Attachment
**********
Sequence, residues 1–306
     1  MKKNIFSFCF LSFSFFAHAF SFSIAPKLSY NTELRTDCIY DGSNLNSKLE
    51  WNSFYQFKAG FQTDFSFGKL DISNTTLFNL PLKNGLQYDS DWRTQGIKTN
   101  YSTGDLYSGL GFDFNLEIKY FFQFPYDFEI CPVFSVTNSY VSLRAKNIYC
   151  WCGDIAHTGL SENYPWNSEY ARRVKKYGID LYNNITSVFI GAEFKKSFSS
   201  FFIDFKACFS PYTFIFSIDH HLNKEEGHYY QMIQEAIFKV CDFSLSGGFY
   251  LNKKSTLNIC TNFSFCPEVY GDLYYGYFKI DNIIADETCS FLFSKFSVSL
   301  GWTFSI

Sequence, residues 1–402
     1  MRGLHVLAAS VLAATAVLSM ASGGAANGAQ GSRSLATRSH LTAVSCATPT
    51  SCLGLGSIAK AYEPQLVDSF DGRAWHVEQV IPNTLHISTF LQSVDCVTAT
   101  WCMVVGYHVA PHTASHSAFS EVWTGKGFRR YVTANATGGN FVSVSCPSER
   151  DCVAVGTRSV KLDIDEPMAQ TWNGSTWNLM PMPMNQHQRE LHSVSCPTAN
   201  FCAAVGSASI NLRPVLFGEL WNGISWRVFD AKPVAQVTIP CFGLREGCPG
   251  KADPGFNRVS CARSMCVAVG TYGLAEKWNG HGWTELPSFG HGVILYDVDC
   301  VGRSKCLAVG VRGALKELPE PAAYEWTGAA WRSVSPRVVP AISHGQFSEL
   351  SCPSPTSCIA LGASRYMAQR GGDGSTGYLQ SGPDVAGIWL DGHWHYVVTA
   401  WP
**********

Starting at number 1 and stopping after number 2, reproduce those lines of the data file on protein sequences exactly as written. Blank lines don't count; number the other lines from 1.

Sequence, residues 1–306
     1  MKKNIFSFCF LSFSFFAHAF SFSIAPKLSY NTELRTDCIY DGSNLNSKLE